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Restricted Access Thesis

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First Advisor

Danielle Dube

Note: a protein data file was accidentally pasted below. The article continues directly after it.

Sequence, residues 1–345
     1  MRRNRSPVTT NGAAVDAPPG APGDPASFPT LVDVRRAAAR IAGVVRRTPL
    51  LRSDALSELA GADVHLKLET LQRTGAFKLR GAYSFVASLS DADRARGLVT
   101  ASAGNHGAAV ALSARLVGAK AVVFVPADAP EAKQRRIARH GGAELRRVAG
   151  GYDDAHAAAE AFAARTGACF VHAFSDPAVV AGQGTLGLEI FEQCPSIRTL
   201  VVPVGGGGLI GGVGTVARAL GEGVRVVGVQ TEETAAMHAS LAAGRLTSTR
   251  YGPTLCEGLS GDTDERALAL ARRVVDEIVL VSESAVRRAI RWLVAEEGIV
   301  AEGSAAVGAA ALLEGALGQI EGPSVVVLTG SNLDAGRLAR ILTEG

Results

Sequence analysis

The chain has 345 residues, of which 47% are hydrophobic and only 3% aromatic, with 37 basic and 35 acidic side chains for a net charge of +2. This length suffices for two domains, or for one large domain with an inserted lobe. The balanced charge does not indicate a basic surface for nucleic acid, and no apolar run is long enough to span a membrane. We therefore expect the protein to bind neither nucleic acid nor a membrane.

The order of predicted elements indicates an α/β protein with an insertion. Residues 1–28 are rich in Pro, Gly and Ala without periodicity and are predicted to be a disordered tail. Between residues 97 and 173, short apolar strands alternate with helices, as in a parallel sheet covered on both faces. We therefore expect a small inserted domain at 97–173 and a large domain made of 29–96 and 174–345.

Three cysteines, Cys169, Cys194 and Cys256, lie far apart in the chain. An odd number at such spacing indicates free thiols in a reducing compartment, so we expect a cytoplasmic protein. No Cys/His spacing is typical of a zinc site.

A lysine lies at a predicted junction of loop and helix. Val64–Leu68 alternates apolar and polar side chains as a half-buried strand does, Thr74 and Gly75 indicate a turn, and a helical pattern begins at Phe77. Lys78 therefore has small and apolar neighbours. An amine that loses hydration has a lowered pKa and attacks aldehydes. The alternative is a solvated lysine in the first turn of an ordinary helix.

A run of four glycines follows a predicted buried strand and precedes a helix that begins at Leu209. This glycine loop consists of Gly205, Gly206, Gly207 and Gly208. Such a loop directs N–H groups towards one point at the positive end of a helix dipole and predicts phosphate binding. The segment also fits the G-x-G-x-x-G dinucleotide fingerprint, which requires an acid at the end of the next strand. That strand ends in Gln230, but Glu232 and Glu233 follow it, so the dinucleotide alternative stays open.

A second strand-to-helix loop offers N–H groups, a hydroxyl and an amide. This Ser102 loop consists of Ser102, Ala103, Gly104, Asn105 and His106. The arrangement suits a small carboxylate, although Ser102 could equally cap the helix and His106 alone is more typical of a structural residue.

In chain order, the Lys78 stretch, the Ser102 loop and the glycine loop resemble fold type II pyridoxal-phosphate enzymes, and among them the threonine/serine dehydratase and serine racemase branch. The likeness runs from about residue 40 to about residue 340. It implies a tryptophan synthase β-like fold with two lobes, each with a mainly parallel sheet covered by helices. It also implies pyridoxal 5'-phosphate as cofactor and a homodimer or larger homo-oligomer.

Overuse and misuse of antibiotics have contributed to the rise of antibiotic-resistant bacteria and alterations in the gut microbiome of treated individuals. Thus, an urgent need exists for alternative approaches to target bacterial pathogens. Immunotherapies that target distinctive cell surface glycans on bacterial pathogens offer a potential alternative. Previous work in the Dube Laboratory has described a metabolic oligosaccharide engineering-based approach to first label cellular glycans with azide-containing sugars and then covalently deliver immune stimulants to azide-coated cells via bioorthogonal chemistry. This platform has enabled the targeting of azide-coated bacterial cells with a phosphine-based 2,4-dinitrophenol (DNP) conjugate to trigger immune-mediated killing of Helicobacter pylori, but these preliminary results require follow-up. The present work seeks to determine the viability of the bioorthogonal reaction partner dibenzoazacyclooctyne (DIBAC), a cyclooctyne-based azide-reactive component that undergoes strain promoted azide-alkyne cycloaddition (SPAAC). I explored whether azide-tagged Helicobacter pylori or Bacteroides fragilis cells would experience immune-mediated cell death after exposure to DIBAC dissolved in either phosphine-buffered saline (PBS) or dimethyl sulfoxide (DMSO). Metabolically labeled bacteria treated with DIBAC-PBS showed some evidence of immune-mediated cell death that decreased over time from experiment to experiment, likely due to low frequency of reactions of SPAAC between insoluble DIBAC and the azide tag. Metabolically labeled bacteria treated with DIBAC-DMSO also showed some evidence of immune-mediate cell death, but the extent of cell death is far lower compared to other immunotherapies. These results suggest that SPAAC with DIBAC may not act as a viable bioorthogonal reaction partner.


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